The title of the book, The Lust Lizard of Melancholy Cove, inevitably sets up expectations: this is a comic fantasy. But, (and it is, of course, in the way of comedy to upset our expectations) the book hardly conforms to the pattern of what we have come to accept as comic fantasy. In Britain, at least, comic writing in the fantastic mode has been effectively defined by Terry Pratchett. He is a stand-up comedian among novelists, his work a barrage of comic lines, comic characters, comic situations. Even when Death, in hollow capitals, appears as a character it is not to in consideration of our own mortality but because of the silliness of this black-caped skeletal figure being involved in the quondam worries and preoccupations of mortal man. Pratchett is a skilled writer who can make this constant string of jokes work well (and his more recent books have been getting progressively darker in tone); but he has spawned a host of imitators who measure the sub-genre purely in terms of the number of (weak) jokes that can be squeezed onto a page. Moore, by contrast, has written a form that few other contemporary fantasists have even attempted, a comedy-drama in which both comedy and drama are kept in balance. It would have been all too easy to let the scales tip to either side. The opening of the novel, for instance, in which we are given a sensitive but detailed description of an apparent suicide, hardly seems like the curtain-raiser for a ludicrous romp. At the same time, two black blues singers accidentally snagging a sea monster during a fishing trip on a southern bayou don’t appear to belong in a book that can ask awkward questions about the way psychiatrists routinely prescribe Prozac as a lazy solution to every problem. There are jokes in the book, but they don’t always come thick and fast, and at times they are likely to make you feel oddly uncomfortable while you are laughing.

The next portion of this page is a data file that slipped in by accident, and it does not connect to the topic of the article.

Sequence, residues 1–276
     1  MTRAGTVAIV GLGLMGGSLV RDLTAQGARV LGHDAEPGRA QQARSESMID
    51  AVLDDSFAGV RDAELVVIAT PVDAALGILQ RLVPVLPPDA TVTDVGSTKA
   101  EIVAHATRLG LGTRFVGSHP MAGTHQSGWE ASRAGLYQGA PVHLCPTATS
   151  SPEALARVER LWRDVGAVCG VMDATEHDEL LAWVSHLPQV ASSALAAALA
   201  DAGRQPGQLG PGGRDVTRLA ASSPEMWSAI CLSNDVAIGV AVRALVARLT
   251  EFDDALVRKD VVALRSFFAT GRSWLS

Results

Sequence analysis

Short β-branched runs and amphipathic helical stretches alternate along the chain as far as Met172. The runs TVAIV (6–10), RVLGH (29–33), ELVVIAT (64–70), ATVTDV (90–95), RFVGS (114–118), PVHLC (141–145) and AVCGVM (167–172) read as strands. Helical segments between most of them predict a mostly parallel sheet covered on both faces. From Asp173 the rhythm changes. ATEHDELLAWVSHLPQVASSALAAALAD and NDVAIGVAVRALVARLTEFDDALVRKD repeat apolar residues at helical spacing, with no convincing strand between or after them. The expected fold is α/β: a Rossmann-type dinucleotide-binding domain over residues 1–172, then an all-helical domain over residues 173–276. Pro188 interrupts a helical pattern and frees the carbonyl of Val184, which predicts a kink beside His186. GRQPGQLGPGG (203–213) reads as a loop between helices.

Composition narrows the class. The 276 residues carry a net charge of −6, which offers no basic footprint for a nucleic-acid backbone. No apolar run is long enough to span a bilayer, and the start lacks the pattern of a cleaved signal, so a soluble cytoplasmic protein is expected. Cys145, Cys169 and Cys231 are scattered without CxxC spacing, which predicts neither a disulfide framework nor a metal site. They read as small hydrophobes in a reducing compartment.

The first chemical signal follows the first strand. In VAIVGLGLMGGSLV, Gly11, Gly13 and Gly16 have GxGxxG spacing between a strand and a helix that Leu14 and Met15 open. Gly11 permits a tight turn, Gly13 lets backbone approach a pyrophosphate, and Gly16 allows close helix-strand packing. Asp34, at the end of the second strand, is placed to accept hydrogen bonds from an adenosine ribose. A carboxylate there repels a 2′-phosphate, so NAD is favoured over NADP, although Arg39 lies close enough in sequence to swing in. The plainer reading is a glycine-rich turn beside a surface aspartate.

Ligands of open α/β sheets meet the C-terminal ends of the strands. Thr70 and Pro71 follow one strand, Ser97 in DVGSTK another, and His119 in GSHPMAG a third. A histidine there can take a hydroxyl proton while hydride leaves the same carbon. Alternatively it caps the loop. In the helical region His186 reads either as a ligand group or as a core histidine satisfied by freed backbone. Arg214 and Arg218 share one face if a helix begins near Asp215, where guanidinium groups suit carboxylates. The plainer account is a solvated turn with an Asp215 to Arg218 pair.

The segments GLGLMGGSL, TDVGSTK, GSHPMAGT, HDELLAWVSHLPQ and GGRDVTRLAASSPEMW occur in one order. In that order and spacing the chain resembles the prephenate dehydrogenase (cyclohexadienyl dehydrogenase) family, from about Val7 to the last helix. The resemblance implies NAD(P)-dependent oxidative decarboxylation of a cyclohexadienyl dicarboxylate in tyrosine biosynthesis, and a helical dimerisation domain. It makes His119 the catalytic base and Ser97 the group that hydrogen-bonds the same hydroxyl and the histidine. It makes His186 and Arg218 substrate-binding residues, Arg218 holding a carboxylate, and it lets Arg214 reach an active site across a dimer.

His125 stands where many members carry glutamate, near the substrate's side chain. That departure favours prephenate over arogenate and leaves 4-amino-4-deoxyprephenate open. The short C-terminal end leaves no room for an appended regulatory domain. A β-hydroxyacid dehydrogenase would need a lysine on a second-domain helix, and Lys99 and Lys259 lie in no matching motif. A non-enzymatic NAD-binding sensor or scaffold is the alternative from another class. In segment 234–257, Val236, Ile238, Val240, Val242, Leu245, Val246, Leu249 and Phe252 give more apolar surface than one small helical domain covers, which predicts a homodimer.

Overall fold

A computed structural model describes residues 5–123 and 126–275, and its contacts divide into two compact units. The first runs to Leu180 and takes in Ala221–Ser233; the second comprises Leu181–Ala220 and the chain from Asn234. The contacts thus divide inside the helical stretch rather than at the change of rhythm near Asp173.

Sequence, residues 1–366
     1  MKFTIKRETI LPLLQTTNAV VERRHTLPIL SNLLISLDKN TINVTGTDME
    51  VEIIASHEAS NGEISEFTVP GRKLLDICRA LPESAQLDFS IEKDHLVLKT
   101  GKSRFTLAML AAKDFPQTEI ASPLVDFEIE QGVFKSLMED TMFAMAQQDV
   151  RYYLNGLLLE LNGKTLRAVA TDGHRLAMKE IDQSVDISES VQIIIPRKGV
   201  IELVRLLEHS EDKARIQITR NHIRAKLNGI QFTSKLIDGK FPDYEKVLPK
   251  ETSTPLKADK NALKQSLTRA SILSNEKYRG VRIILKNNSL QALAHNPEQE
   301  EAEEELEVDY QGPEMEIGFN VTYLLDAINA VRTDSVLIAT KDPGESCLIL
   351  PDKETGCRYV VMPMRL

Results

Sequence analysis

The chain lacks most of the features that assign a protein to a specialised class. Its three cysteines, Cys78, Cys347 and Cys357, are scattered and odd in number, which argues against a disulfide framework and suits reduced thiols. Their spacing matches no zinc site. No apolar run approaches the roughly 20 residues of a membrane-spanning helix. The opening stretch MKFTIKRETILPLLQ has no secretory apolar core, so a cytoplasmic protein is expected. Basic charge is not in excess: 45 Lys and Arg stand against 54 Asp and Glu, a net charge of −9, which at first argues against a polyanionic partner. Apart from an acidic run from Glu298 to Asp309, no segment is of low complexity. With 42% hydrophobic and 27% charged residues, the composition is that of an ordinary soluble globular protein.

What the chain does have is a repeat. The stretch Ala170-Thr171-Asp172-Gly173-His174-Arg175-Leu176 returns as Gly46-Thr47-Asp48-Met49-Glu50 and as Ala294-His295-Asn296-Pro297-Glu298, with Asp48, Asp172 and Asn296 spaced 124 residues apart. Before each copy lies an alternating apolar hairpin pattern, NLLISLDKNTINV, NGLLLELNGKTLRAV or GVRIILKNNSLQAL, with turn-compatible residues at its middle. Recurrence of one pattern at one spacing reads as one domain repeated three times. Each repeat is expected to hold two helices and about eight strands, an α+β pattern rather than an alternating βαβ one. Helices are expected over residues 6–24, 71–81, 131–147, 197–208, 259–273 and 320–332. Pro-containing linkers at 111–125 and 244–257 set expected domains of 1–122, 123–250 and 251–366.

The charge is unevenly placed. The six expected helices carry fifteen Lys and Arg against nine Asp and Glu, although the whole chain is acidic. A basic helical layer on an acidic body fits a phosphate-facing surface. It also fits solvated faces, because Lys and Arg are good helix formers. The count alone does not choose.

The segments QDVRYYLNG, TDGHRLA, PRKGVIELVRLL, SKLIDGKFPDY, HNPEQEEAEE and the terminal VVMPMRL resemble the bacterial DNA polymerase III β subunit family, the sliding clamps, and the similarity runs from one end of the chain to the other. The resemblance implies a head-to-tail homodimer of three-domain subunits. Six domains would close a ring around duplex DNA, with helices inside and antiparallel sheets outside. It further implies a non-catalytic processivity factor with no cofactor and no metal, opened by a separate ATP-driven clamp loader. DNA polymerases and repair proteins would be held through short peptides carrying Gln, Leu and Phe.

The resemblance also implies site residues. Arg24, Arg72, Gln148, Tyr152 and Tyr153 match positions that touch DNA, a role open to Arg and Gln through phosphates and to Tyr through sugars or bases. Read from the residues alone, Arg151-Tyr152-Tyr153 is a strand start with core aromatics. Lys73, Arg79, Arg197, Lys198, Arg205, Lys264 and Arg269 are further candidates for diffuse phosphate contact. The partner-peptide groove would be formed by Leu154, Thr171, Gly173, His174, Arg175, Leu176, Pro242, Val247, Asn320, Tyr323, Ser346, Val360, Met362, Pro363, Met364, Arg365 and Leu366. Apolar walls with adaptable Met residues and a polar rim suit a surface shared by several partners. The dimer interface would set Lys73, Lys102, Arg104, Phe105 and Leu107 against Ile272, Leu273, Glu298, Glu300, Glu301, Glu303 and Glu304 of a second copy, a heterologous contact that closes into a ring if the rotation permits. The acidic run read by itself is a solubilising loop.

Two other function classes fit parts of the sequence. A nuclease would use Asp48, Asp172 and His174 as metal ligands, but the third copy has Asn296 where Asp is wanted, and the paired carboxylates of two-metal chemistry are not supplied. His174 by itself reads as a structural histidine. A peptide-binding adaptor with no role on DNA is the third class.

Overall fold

We start with that suicide, or is it murder? It falls to the local representative of the law to investigate, unfortunately he is no detective but a local loser addicted to his home-grown marijuana who is kept in place by the sheriff who wants to hide his own much more invidious drug operation. Meanwhile the dead woman was a patient of the local psychiatrist who fears that the suicide may have been the result of drug dependency, and in a panic decides instantly to take all her patients off their prescriptions, with devastating results. At the same time the local bar owner has hired a blues singer for the season to try to make the customers more miserable, because miserable people drink more; unfortunately the blues singer meets a former art teacher, the pair fall in love and for the first time the bluesman has to risk being happy. While in a trailer park on the outskirts of town the former star of a series of soft porn movies is quietly going mad following the loss of her brief shot at glory, until she meets a new neighbour.